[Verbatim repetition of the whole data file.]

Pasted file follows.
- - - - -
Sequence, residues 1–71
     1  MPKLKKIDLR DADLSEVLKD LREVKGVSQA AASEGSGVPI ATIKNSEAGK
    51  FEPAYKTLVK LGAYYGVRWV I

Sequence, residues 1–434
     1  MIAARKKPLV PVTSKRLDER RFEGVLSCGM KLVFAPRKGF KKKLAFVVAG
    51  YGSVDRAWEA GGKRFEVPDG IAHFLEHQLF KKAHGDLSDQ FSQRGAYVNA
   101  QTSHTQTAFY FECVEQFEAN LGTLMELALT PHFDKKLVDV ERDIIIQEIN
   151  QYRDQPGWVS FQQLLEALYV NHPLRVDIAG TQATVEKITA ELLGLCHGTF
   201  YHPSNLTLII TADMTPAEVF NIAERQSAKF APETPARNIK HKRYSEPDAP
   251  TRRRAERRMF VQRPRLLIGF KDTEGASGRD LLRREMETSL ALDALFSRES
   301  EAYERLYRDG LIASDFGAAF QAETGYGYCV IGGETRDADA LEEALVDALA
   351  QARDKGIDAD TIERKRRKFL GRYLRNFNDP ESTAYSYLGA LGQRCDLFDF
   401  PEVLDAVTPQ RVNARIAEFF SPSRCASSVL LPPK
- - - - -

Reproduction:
Sequence, residues 1–71
     1  MPKLKKIDLR DADLSEVLKD LREVKGVSQA AASEGSGVPI ATIKNSEAGK
    51  FEPAYKTLVK LGAYYGVRWV I

Sequence, residues 1–434
     1  MIAARKKPLV PVTSKRLDER RFEGVLSCGM KLVFAPRKGF KKKLAFVVAG
    51  YGSVDRAWEA GGKRFEVPDG IAHFLEHQLF KKAHGDLSDQ FSQRGAYVNA
   101  QTSHTQTAFY FECVEQFEAN LGTLMELALT PHFDKKLVDV ERDIIIQEIN
   151  QYRDQPGWVS FQQLLEALYV NHPLRVDIAG TQATVEKITA ELLGLCHGTF
   201  YHPSNLTLII TADMTPAEVF NIAERQSAKF APETPARNIK HKRYSEPDAP
   251  TRRRAERRMF VQRPRLLIGF KDTEGASGRD LLRREMETSL ALDALFSRES
   301  EAYERLYRDG LIASDFGAAF QAETGYGYCV IGGETRDADA LEEALVDALA
   351  QARDKGIDAD TIERKRRKFL GRYLRNFNDP ESTAYSYLGA LGQRCDLFDF
   401  PEVLDAVTPQ RVNARIAEFF SPSRCASSVL LPPK